Project area:Shiogama City, Miyagi Prefecture
Everything is for the Smiles of Children
A network connecting the hands of mothers
Things that could be done as a "mother"
8 days after the disaster the "Shiogama Mama Information Board" was started in order to share information about how to get nappies and powdered milk, as well as access to services such as baby bathing facilities. It was Chinatsu Suzuki who initiated this board. Until then Suzuki had merely been a passive reader of websites, but her desire to protect her child and others activated something within her. At the time of 3.11 Suzuki was with her 7 month old baby and 5 year old son when the earthquake hit. The tsunami warning sign ran out and taking just a supply of nappies with her she evacuated to the elementary school. They returned to their home 10 days after. However even though they were safe home, there were no shops open where Suzuki could buy nappies and milk etc. Even if she did find a shop she would have to line up and wait 2-3 hours while her children hugged close to her.
"If you queue up and are finally able to buy the goods it's okay, but if in the end there is nothing left then I would have to carry my small children in the cold and try to find another store. If we had the kind of information such "You can buy nappies here", then mothers would be really helped I thought. So in order to overcome the situation I created a bulletin board in which we could share such information."
Once she had established the bulletin board Suzuki considered what she could do next. And just at that time she encountered other mothers with the same thoughts.
"Ms Sudo, who I am currently running 'Mama no te' with, is also a mother of 3 children. She was concerned for children's hygiene while staying in the evacuation shelters and she collected milk and cleaning materials from her house and distributed them to mothers in the shelter. When we met through our shared awareness we began to talk of about the possibility of properly pursuing our activity in Shiogama and how we might be able to support other mothers, and this was how "mama no te" came to start."
For over 10 days they could not take a bath and could not change nappies as often as they would like. Children suffered from this, their skin becoming damaged, unable to sleep properly, crying out and so the first action which "mama no te" took was to provide a baby bathing service. They packed containers of boiled water from areas where water was available into a suitcase and would carry it to various areas, providing information on the message board. Then they began to support the distribution of clothes and supplements sent by friends and acquaintances to the evacuation centres. This was noticed by the city office and they requested the team to distribute other materials which had been sent to Shiogama. "All of the members of 'mama no te' had had the same thoughts and had taken action by themselves. But when for example we wanted to advertise the baby bathing service on the radio we were asked 'what kind of organization are you?' and they would not deal with us as individuals. While continuing our individual activity we have come to widen our engagements as 'mama no te'".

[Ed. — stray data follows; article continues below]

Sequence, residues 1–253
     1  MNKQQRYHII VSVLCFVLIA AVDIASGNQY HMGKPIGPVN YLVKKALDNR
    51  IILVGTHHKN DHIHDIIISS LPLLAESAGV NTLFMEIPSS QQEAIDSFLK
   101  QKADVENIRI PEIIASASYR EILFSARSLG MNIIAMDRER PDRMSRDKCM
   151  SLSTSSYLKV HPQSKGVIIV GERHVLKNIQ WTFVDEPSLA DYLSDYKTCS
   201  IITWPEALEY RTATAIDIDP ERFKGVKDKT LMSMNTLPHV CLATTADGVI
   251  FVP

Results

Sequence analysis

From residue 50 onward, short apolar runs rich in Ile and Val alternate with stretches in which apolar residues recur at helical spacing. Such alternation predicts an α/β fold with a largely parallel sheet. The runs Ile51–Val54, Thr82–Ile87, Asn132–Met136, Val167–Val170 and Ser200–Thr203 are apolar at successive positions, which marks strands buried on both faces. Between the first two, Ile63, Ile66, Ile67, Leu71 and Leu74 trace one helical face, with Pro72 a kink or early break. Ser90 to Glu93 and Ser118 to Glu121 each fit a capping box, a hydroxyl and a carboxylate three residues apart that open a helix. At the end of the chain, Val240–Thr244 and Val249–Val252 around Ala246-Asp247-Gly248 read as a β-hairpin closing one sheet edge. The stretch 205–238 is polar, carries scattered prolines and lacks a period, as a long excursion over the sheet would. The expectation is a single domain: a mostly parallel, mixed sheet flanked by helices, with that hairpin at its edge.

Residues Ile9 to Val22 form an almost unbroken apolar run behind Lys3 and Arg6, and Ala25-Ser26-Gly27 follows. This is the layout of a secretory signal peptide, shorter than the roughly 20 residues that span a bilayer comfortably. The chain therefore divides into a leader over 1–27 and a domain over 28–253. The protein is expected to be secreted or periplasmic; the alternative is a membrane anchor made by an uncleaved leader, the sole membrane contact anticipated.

Nurturing the smiles of children 10 years from now
The mothers of "mama no te" brought together through the strength of their shared concerns aslso facilitated a "distribution meeting" 7 times within two months, working in the evenings to sort materials and distribute them to the various temporary housing units and rest of the town. Gradually the stores are opening up again for business so "mama no te" turned to the next thing which they could do.
"My friend lost her husband and was in a state of despair thinking 'how can I continue life now?'I don't know what I can do but I want to offer some strength. However it doesn't matter how much I want to offer strength, there is a limitation to what I can do as someone who has not experienced such a thing. So I thought that if there is an opportunity to talk with people who have had the same experience then this will be a greater source of strength and courage. I am thinking that if we can offer a "space" in which people can gradually open up to their feelings and slowly put these into some shape it may be of some help. I want to be able to share such stories with the children when they have grown up and let them know what people have experienced at this time."
The activities of "mama no te", born from the tears of children, have now since formed into a support for the smiles of those children and their mothers.
"The concerns of mothers with children are truly strong. We have such an urge to protect. So while taking care of these "strong concerns" of mothers we wish to continue with our activities. We want to build a society where children will still be smiling 5, 10 years from now."
Interviewed on 29th June 2011 Shiogama city, Miyage prefecture